In an electric vehicle the motive power comes from the battery. Electrical power is volts
multiplied by amps so that 40 amps drain from a 12v battery is 480 watts. But 480 watts
is also given from a 24v battery by a current of only 20 amps. Therefore, for a particular
power, the higher the voltage, the lower the current.

Now electrical current causes heating. Motor, wiring and controller will all get hot and
waste power. The heat wasted is proportional to the square of the current multiplied by
the resistance. Generally a 24v motor will have twice the resistance of a 12v one but even
so a 24v motor would waste half as much power in heat as would a 12v motor (½ x ½ x
2). The controller and wiring will probably be the same for 12v or 24v, so they will waste
only ¼ as much power on 24v as on 12v!

It is clear from this that a 24v system is always better than a 12v system - provided you
can physically fit two batteries. By the same token 36 or 48v would be even better - but
there is little practical advantage and 48v requires different controllers which are not so
readily available. Nevertheless really heavy current systems (milk floats, electric cars,
fork lift trucks) often use 72v or even 96v to reduce heating.

The amount of energy in the batteries is amps X hours X volts. Consider a 12v 60
Ampere Hour battery. Clearly this is exactly the same as two smaller 12v 30 AH batteries
in parallel. But the total amount of energy in these two will not change whether we
connect them in parallel or in series. So a 12v 60 AH battery can store exactly the same
energy as a 24v 30 AH battery.

There is another factor against 12v operation, except at low currents: MOSFETs need a
good voltage to fully turn them on, so almost all of 4QD's controllers use an internal 9v
supply rail, which is adequate to ensure proper turn-on. However, there is not much
difference between 9v and 12v. It does not take much current to be drawn from the
battery before it drops 2v at its terminals. A small mount of extra drop in and wiring - and
the 9v supply drops. After that, the available current from the controller drops quite
quickly! Remember that the battery current is actually a chopped version of the motor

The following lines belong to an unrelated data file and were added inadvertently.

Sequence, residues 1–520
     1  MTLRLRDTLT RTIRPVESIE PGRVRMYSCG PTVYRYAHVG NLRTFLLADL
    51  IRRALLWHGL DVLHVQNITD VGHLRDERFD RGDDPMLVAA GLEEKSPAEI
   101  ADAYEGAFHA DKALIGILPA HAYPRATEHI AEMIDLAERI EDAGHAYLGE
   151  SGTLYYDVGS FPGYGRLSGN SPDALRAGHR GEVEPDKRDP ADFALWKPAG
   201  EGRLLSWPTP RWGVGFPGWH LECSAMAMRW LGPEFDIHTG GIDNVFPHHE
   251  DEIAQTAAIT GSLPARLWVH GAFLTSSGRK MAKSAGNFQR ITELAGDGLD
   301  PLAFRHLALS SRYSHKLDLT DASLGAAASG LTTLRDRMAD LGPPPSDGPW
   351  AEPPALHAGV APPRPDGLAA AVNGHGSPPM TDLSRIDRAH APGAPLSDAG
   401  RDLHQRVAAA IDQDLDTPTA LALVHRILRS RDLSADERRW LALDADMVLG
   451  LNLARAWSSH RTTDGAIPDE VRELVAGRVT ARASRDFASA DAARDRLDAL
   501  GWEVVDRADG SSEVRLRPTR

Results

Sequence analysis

current, see our circuits archive for more detail, so the inductance and resistance of the
batteries and battery wiring all contribute to any voltage drop.

For this reason, we would generally not advise 12v operation if the peak motor current is
likely to be more than around 30-50 amps.

FAQ sheet index.

12v Motors on 24v

Motors are specified to run at a stated rpm at a particular applied voltage with a specified
loading. The specified loading is usually that at which the motor takes its maximum
continuous current. If you run the motor under a lighter load than this 'name plate rating'
its current consumption will reduce and its speed will increase slightly. If you increase
the load, then the motor's current consumption will increase and its speed will reduce.
Obviously you are now exceeding the motor's continuous rating so it will start to get
hotter than it should. The greater the overload, the quicker the motor will heat so there is
a time limit on such an overload. However it is usually safe to run a motor at a 300%-
400% over current for, perhaps, a minute - although this will vary from motor to motor.

If you run a 12v motor from 24v its current drain and speed will still depend on the
mechanical loading. However under no load it will now run at twice the speed at which it
ran with 12v. Heating in the motor is still related to the current so you can still run it at its
full rated mechanical load/current. However if the motor is badly balanced you may
expect noise and vibration as the general construction may be inadequate for the faster
speed. There may also be a problem with brush wear since the brushes are being asked to
switch the current twice as fast. These effects are, however not very likely and usually the
speed increase is quite OK.

There is one caveat on this. The motor is an inductive device and the commutator and
brushes are a mechanical, switch. Such a mechanical switching system will have a limit
on the maximum rate at which is can work and if this is approached, the commutation
breaks down. Exactly what the limits are, I would not like to say but one effect is noise -
and extreme noise can, on occasion, cause a controller to fail. The effect is quite rare - but
beware of excessive over-revving.

However, limits on motor speed are not simply bearing quality. If you rev a motor hard
enough - centrifugal force will take over and the rotor will fly to pieces. Also brush and
commutator design is important. Depending on the design these will have a maximum
switching rate and operating above this speed will cause tremendous brush arcing. In
extreme circumstances this will generate severe noise transients which can destroy the
controller. This is unlikely: we have only ever seen one customer do this: he was running
12v motors on 36v and blew two controllers! These motor limits are not things a
controller manufacturer can really comment on: you need to consult the motor
manufacturer.
If you overload the motor, its current rises in the same way whether the motor is running
from 12v or 24v. However on stall the current from 24v could be twice that from 12v, so
the motor could get four times as hot (heating is proportional to the square of the current).
This however won't happen when you are using a good controller as the controller will
limit the current to its designed value. Also the controller varies the voltage on the motor
so you are probably not going to use the motor at full voltage in any case.